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Fierce competition for employment with up to 26 applications per job

Fierce competition for employment with up to 26 applications per job
Job seekers advised to relocate to secure employment 
Figures released today by reveals a two-speed labour market with recruitment beginning to pick up but jobseekers still facing some of the toughest conditions for a decade. In the first comprehensive analysis of recruiter and jobseeker activity post-election, the number of jobs available has increased by 6.5% from Q1 2010 to Q2 2010 demonstrating a renewed confidence in the market by employers. However, with each job vacancy receiving an average of 10 applications, peaking at 26 in secretarial and PA roles, jobseekers face tough competition.
The Totaljobs Barometer provides one of the most comprehensive representations of supply and demand in the UK job market. With around 2.8 million jobseekers visitors each month, todays figures provide an indication of how UK recruitment has fared in the first half of 2010 as well as providing insight into how the labour market is set to fare under the new coalition Government this autumn.
John Salt, Director, commented on the figures:
A slight rise in recruitment has encouraged those in employment to have confidence to seek their next position. This is increasing competition for those out of employment and increasingly pitching the desperate against the ambitious in a two speed jobs market.
Private sector pressures 
Sector comparisons reveal that whilst certain industries have prospered in the second quarter of 2010, a number of key areas continue to suffer. Those charting pronounced increases in the supply of jobs have included transport (32%), telecommunications (18%) and customer service (15%). In contrast, sectors to have suffered include nursing (-22%), education (-14%) and senior appointments (-3%). The first affects on the public sector can also be seen, with job postings increasing by only 3% but with an increased number of applications (11%), it seems that jobseekers are already saturating the market.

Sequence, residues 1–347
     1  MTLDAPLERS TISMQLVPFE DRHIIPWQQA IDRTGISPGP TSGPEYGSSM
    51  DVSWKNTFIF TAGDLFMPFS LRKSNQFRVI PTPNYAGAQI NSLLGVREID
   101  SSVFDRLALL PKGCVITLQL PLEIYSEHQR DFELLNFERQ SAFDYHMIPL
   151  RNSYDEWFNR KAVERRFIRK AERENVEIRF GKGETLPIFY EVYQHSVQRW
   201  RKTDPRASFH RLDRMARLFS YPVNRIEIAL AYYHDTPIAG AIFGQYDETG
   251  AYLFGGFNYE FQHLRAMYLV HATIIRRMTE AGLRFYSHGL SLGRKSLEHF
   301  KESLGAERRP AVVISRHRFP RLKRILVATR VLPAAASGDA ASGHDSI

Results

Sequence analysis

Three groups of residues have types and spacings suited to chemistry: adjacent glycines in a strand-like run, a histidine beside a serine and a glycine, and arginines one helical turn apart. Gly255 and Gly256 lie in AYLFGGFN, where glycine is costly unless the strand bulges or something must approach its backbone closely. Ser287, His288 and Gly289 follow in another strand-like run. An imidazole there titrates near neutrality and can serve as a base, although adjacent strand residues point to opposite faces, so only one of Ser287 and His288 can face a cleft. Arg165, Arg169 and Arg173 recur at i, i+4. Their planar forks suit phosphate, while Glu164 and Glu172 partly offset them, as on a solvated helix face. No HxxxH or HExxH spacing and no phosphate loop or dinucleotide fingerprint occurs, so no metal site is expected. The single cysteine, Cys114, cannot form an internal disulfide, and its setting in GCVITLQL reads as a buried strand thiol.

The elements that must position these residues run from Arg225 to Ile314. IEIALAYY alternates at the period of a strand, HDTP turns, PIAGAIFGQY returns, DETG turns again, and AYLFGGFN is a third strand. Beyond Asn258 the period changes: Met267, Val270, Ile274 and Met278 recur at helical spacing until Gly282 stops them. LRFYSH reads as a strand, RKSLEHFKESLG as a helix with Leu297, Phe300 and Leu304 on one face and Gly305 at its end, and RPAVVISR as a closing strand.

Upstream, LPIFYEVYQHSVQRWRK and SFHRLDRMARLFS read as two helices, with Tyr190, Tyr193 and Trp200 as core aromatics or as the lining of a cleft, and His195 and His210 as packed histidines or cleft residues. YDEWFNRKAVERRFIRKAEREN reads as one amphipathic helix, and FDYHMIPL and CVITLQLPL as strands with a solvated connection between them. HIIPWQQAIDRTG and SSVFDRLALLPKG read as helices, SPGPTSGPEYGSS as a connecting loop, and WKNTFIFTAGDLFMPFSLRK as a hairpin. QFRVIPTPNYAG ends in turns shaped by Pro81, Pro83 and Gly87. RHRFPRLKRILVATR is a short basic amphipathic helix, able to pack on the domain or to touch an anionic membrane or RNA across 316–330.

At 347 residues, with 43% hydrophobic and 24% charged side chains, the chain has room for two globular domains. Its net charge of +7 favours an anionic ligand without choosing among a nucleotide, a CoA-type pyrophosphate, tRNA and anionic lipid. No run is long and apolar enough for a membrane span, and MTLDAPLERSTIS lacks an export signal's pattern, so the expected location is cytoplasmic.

Separate research from reveals that those leaving the public sector tend to be experienced employees supporting families, with one third (33%) having over ten or more years experience rather than younger single workers. With senior appointments in the private sector also shown to have suffered, this risks a significant social challenge as unemployment starts to bite in the autumn.
John Salt, Director, continues:
Public sector spending cuts are changing the face of unemployment in a manner not seen since the decline of heavy manufacturing in the 1970s.The private sector looks geared for growth and thankfully most public sector workers hold an enviable set of transferable skills. For jobseekers it is important they understand the need to remain flexible as to the role and location of their next job. He continues,NEETS have historically been shown to be the group to suffer in the recession but we predict a shift to those supporting families in the public sector, whom relocating is a difficult decision. Worryingly, this is a group that has substantially more disposable income than NEETS, leading to potential impacts on the housing market and consumer spending which will put further pressure on the jobs market.
Regional winners and losers
The research reveals the beginning of an east-west divide between the supply and demand of jobs in several key regions. Despite one of the biggest percentage increases in jobs posted (12%) this quarter, jobseekers in the North East is experiencing the most competition outside of the capital with 9 applications per job. This is also reflected in competition for jobs in London which is at an all time high of 32 applications per job. A less favourable performance in the North West (6%) indicates how public sector job losses are set to bite. Finally, bouncing back after a 21% fall in the last quarter, the job market in Scotland is showing the first signs of improvement, with seven applications per jobs down from nine in Q1 2010. 


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